Roger Marolt: Playing to get paid in 100 easy days
A scheme to sell a coveted pin could cover a season’s skiing and then some
I got my first 100-day ski pin. I didn’t earn it. I found it on the turf football field. How it got there, I have no idea. Was it pinned on the hem of somebody’s soccer shorts? It was presumably lost by a student and, if so, how they squeezed in a hundred days of skiing without cutting class is an equally perplexing question.
I honestly tried to find the owner of this pin. I know somebody was sad when they found out it was gone. I wrote a letter to the editor in The Aspen Times letting the community know that I had it and wanted to find its owner. I went so far as to describe where I found it and swore I would return it with no questions asked. I thought so many people would claim it that I might have to perform cross-examinations to suss out the true diehard. Alas, not a single claimant came forward.
Enough time has passed from the finding that I now consider the pin mine. The oddest thing about this is that I somehow feel weirdly proud of having it. I didn’t earn it, but it’s probably harder to find one than it is to actually go skiing five days a week all winter long.
I still wouldn’t feel right about wearing it in public. I doubt if anyone would question it, but I only have so many ski stories to tell and I’d rather burn them up earning free beer than defending the possession of a ski pin. By the way, this is not admitting wearing one you did not earn is a crime.
Even still, a junk drawer in the kitchen is not an appropriate grave for one of these things, either. So I let the thoughts of the pin bounce around unstrapped in the cargo bay of my mind while I did things like ride my mountain bike and mow grass over the weekend hoping that would produce some productive thought.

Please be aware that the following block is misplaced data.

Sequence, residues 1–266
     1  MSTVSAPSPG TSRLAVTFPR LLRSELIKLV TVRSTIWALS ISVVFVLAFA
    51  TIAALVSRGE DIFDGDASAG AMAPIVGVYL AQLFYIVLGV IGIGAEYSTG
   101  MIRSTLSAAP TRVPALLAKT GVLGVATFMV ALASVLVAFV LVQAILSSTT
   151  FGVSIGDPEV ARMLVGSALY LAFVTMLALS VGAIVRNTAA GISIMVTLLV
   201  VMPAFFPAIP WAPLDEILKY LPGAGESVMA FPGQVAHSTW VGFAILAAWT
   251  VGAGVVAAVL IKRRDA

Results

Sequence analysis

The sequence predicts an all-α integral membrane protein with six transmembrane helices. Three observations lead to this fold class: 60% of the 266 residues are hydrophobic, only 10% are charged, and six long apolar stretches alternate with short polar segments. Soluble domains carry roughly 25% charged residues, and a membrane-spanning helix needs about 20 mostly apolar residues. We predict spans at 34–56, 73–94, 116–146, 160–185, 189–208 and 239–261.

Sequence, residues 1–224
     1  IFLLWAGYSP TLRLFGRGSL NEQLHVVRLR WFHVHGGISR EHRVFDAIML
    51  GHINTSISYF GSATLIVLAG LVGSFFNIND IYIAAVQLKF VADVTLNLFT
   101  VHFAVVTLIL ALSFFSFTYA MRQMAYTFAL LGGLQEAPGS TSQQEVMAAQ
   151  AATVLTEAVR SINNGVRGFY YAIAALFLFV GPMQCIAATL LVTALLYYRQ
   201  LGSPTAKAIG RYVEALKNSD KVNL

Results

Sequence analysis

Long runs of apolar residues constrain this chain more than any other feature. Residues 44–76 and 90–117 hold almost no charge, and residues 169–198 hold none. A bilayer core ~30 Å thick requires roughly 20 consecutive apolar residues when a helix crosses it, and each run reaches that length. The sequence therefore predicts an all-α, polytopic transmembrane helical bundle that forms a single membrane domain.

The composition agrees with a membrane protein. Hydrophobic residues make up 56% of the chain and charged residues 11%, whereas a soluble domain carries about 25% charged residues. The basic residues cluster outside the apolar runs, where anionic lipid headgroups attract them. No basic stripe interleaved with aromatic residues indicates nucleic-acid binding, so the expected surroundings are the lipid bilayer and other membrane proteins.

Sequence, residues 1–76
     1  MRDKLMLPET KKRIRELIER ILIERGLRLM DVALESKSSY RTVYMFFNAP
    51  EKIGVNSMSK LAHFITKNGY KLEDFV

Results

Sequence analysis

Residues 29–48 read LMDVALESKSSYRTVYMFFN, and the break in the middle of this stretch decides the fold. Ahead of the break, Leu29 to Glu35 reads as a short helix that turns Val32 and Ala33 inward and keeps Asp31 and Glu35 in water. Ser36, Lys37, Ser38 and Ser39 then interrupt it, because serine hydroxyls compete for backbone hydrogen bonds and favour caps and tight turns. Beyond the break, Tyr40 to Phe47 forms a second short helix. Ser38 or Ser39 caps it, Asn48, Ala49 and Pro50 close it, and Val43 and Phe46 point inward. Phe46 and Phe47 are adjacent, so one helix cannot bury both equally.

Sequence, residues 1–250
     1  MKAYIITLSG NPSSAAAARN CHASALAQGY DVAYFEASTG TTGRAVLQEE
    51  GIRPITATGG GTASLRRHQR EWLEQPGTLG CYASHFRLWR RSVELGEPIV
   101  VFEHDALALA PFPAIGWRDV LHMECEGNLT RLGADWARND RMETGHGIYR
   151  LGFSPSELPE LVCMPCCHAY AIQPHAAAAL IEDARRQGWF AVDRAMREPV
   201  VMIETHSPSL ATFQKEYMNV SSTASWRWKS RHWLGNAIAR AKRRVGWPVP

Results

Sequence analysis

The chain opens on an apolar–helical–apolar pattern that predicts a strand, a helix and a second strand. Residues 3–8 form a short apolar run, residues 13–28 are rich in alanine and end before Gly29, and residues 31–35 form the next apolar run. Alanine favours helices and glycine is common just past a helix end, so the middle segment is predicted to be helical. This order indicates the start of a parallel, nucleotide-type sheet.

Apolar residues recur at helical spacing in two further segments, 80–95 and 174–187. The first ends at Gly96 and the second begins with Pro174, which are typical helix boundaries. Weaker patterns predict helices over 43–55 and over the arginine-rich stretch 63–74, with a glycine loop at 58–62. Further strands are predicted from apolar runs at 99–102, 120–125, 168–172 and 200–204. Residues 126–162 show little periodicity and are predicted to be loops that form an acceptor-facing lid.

BAM! It came to me just as I was priming the fuel pump on the weed whacker — I should try to monetize the 100-day pin! It’s actually a brilliant idea, if I do say so myself. People covet these pins. They waste entire winters and layers of knee cartilage getting one. Once they have them, they won’t let go. I offered Lo Semple two NASTAR platinum medals for a single 100-day pin for the year of his choosing. He said no deal. I reminded him that the platinum medal was way harder to earn than a 100-day pin. Even reason couldn’t change his mind.
This convinced me that the 100-day pin had value, and this led me to believe it could be sold. I began a grand experiment that I hope will prove fruitful for local ski bums and ski bum wannabes. Step one: list my 100-day pin on eBay. Step two: Wait and see. The hypothesis: If I can sell one, anyone can sell one. Result: instant cash for ski bums. CHA-CHING!
By now you must be absolutely dying to ask me what the asking price is. Well, I’m glad I assumed you asked. It’s $2,750. I’m just going to go ahead and tell you how I arrived at this price. I figured this would cover the cost of a season pass (with a chamber discount, early bird price applied, of course) and have enough left over to cover most expenses necessary for relaxing through the spring offseason (mostly beer). Basically, $2,750 is the amount that lets you ski a whole season for free and then recover the rest of the spring without having to search for the odd jobs that are offered when the sun starts thawing old dog poo from shrinking snowbanks and the mud is ankle-deep. No good comes out of that!
I know this sounds like a get-rich-quick scheme with me as the primary beneficiary. I can only say it is not.
For starters, if the pin sells, I plan to donate the money to a trustworthy member of the Aspen Mountain 1A Liftie Association, if one can be found, to host a big cookout down there next spring. Almost all the beer you can drink is on me!
Secondly, I am so damn dumb about technology that I can’t even find my own listing on eBay. I’ll probably never know if the thing sells. All is lost if they try to Venmo me.
Roger Marolt wants to make the ultimate local dream come true: getting paid to ski. Email him at email@example.com.